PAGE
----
Afoxés & Blocos Afros
Afoxé (ah-fo-SHEH) is basically candomblé with the religion taken out...the use of candomblé rhythms and "songs" in social, non-religious settings like Carnival and weekly dances. The principal rhythm associated with afoxé is ijexá (ee-zheh-SHAH), a more subtle and complicated version of what you might hear pounded out on the Maxwell House coffee can for a late-hours Manhattan cocktail party conga line (a modified version was also used in composer Stan Worth's theme for the 1960s George of the Jungle cartoon series). On terreiros de candomblé ijexá is associated with Oxalá (the father) and Oxum (goddess of sweet waters).
Embaixada Africana (African Embassy) was the first afoxé,
parading in the Carnival of 1895. The next year afoxé Pândego
da África (African Hijinks) went out, and in 1905 an afoxé
climbed the Ladeira da Barroquinha to parade up the Ladeira de São
Bento, thereby breaking a tacit understanding that the Carnival groups
from the lower (and darker) economic classes had their areas (Baixa dos
Sapateiros, Barroquinha, Pelourinho) and the upper classes had theirs (Avenida Sete de Setembro, Piedade). Salvador's largest and most
widely known afoxé -- Filhos de
Gandhy -- was formed in 1949 by a stevedore whose inspiration
was the great Indian leader and pacifist (who had been assassinated the
year before). Other afoxés include Filhos de Korin Efan, Badauê, and Filhas de Oxum. From 1904 until 1918 afoxés were forbidden to march during Carnival, ostensibly to combat "crime, ao deboche, e à desordem (crime, debauchery, and disorder)".
Blocos Afros are Carnival blocos (groups) which, put simply,
celebrate cultural manifestations of African origin. The rhythms
are usually based in samba reggae and the dress is African-inspired
(in contrast to afoxé Filhos de Gandhy, whose robes draw
their inspiration from the Indian subcontinent). Olodum, Ilê Aiyê, and Ara Ketu are the three biggest and
best-known blocos afros...Ara Ketu -- and in international terms Olodum
to an even greater degree -- having achieved significant commercial success.
Other blocos afros include Muzenza (from Liberdade), and Malê
de Balê (of Itapoan), who drew the inspiration for their name
from the Malê Revolt.
YOU Are Invited!!!
This is an invitation from me (black hat, right) to a music project built as an escape valve, a way to take music from anywhere to potentially anywhere else on the planet.
Unlike traditional media pipelines, which are either expensive or limited, ours is built on common humanity, on the phenomenon of six degrees of separation. Degrees of separation are links between people, connections forming pathways which extend throughout human society (which is why word-of-mouth is the most powerful form of publicity there is).
We've put an online music codex on the air, mirroring this. To give you a personal example of how it works, I link to a roots samba-de-roda (analogous in Brazil to the delta blues in the United States) group in a fishing village in Brazil. New Orleans writer/journalist Jay Mazza links to me. Trumpter Kermit Ruffins links to Jay. Other people link to Kermit. And other people link to those people. And...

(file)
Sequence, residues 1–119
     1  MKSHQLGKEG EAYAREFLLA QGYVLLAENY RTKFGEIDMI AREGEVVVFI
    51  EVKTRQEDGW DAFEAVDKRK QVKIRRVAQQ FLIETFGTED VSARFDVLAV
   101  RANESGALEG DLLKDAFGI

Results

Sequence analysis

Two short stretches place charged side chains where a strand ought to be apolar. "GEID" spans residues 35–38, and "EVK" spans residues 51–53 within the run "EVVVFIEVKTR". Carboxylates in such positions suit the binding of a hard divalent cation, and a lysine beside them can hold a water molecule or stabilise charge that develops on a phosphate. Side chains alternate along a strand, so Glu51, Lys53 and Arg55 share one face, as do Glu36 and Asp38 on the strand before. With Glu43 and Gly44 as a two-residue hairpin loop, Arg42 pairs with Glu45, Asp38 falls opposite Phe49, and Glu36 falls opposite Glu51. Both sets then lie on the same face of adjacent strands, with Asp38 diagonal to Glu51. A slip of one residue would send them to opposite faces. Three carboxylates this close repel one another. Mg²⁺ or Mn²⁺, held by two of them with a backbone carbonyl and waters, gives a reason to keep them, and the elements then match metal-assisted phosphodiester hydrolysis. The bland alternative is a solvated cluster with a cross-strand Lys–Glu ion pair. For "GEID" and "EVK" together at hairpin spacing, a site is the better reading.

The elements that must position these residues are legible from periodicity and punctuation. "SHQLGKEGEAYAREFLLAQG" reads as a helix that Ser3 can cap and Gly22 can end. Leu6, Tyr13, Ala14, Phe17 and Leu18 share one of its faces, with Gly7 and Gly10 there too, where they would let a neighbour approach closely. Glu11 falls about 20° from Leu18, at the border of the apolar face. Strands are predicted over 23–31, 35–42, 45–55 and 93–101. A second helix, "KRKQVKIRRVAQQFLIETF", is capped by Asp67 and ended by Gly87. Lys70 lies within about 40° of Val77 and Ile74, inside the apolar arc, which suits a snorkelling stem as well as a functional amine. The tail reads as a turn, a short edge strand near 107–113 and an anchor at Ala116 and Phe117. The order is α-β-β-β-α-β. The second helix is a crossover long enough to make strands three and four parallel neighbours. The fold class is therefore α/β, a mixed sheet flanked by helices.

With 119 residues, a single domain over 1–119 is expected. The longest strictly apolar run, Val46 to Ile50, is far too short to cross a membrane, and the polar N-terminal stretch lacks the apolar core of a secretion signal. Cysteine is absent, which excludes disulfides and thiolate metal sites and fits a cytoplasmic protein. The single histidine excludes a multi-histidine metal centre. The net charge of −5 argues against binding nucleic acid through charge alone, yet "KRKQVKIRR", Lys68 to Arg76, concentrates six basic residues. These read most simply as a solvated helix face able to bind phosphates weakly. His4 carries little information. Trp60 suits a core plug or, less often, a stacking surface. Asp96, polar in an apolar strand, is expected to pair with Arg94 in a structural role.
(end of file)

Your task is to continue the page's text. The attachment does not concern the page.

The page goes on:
Now there are LOTS of pathways leading to the musicians in that rural fishing village in Brazil. And music which would seldom be heard beyond the village border can be heard by interested people all over the world.
Jay Mazza w/ Lionel Batiste
Jay links to me...
The musicodex in and of itself is probably not a mechanism for generating great commercial success, but it IS most definitely a way for news of musicians and their music to penetrate far and widely, outside of usual circles and localities. It is giant steps reducing the wide world to a mom & pop record shop (I'm the pop), wherein musical discoveries can be made and passed on.
Mankind has been making music for at least 50,000 years, and word-of-mouth has been around since humans could talk. Drawing on 21st century technology, we've put them together in a new way...
And you're invited.
Kermit Ruffins links to Jay Mazza...
This could be the start of something big...
Airto Moreira - Belpa Mariani - Bobby Sanabria
With respect to the name "Olodum", the best known of Salvador's blocos afros, I've heard respectful stories in several variations but with the common theme of reaching deep into tradition and pietous religosity for inspiration...
Principal founder Geraldo Miranda (popularly called Geraldão -- Big Gerald), who went on to found Muzenza after an internal breach, tells it like this, however (my translation):
"As for the name of the bloco, Olodum, I was the one who came up with it, thanks to a friend, a filha-de-santo (candomblé adept), who happened to mention that Olo and Dum were two gods, without mentioning anything about their origins or if there was really any religious basis for this. I stuck the two names together and nobody disagreed and so it was, Olodum."
Geraldão was correct in his unvoiced but implied suspicion that there wasn't any true religious basis for this, although it wasn't completely off the mark.
I mention this not only to puncture a glossed image which is often presented to the world (not only by some of these groups; isn't this pretty much universal human behavior?), but as intro to the fact(s) that